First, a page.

The expression of worship should not be confused as a requirement for salvation, but as a means for truth springing to life in the midst of people. When we surrender ourselves to the full expression of worship, the Spirit descends, and room is given for Him to meet every person in a special way.

Worship involves physical expressions founded upon biblical guidelines; they are neither ritual, perfunctory actions, or the serving of emotions for their own sake. Among the physical expressions of worship found in Scripture are kneeling, clapping hands, raising hands, verbalized praise, singing hymns and psalms, weeping, laughing, bearing witness aloud (“Amen”), reading the Word aloud, prostrating before the Lord, speaking in tongues, dancing before the Lord, giving public testimony, standing, silence, and spiritual song. In just a single chapter (20) of 2 Chronicles, eleven different Hebrew verbs for active physical worship are found.

In his epistle to the Romans, the Apostle Paul proclaims the glory of our Lord and the motivation for our worship: “Oh, the depth of the riches both of the wisdom and knowledge of God! How unsearchable are His judgments and His ways past finding out!… For of Him and through Him and to Him are all things, to whom be glory forever. Amen” (11:33-36). And then he summons us to worship with what can be considered our only appropriate response to such magnificence: “I beseech you therefore, brethren, by the mercies of God, that you present your bodies a living sacrifice, holy, acceptable to God, which is your reasonable service. And do not be conformed to this world, but be transformed by the renewing of your mind, that you may prove what is that good and acceptable and perfect will of God” (12:1, 2).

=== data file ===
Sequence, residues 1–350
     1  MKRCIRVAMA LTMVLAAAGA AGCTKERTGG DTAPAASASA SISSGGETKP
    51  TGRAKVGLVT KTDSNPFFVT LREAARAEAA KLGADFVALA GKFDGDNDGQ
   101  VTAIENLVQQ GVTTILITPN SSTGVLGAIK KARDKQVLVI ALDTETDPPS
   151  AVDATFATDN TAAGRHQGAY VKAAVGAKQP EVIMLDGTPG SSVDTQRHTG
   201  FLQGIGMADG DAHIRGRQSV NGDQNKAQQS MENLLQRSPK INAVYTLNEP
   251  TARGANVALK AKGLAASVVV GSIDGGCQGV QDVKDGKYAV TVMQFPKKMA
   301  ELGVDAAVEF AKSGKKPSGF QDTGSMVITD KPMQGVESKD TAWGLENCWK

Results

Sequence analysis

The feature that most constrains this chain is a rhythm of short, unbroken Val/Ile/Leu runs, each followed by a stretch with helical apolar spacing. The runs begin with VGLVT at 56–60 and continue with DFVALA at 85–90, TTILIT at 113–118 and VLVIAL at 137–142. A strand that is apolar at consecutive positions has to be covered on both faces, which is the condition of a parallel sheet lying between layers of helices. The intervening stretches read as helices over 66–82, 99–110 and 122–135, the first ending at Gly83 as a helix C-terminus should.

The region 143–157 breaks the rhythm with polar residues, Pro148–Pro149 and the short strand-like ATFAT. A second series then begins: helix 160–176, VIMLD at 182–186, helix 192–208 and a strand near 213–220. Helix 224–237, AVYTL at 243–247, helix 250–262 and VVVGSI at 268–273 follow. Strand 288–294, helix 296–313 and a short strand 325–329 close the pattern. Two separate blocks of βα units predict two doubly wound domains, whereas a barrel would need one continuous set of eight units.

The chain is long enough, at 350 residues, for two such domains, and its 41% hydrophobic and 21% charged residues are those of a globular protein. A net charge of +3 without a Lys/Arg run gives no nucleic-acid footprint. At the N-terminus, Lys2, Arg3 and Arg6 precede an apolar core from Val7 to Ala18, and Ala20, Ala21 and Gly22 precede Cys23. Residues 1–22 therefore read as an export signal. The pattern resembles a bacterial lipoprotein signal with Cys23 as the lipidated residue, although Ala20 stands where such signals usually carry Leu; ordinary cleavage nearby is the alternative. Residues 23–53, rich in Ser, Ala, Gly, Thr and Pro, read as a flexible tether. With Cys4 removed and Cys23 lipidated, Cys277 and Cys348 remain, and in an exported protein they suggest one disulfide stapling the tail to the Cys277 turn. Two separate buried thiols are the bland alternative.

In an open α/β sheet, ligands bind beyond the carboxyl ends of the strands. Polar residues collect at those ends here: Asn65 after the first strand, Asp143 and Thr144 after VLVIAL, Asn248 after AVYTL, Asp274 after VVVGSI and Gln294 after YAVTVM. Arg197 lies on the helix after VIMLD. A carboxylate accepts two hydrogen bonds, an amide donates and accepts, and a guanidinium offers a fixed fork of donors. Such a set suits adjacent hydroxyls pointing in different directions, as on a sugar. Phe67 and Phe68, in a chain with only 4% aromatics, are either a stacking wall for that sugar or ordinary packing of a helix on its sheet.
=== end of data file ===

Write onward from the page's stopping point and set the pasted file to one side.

Thus, the Bible calls us to: Present our rededicated bodies by kneeling, bowing, raising our heads and hands, and dancing before the Lord; present our revived emotions by shouting and clapping to the Lord, praising aloud, rejoicing, and expressing thanksgiving, or by being silent before Him in the beauty of His presence; present our regenerated spirits by worshipping in the Spirit, singing spiritual songs, and giving thanks; and present our renewed minds by obedient, orderly, intelligent, sensitive worship with understanding. Even spontaneity must have some point of discipline and control (see 1 Corinthians 14:40).

The Lord is not displeased by our reticence to the physical expressions of worship, but when we present ourselves wholly open before Him, the compounding of both our life in Him and of His beauty in us takes place. We are made more whole—and holy—in the likeness of Jesus. The weight of His glory begins to seep through our system. Our identity becomes more secure and established, and our sense of sufficiency in the life of Jesus Christ increases.

The Lord says in Romans 14:11 that one day, every knee shall bow and every tongue shall confess Him. Therefore, we are summoned to present our bodies, emotions, spirits, and minds to Him in every biblical form of expression as He would graciously teach us. And when we worship as His appointed “priests,” we invite and administrate His glorious life, purpose, and power to be realized not only in our lives, but also in our world.

Copyright © 2011 Jack W. Hayford, Jack Hayford Ministries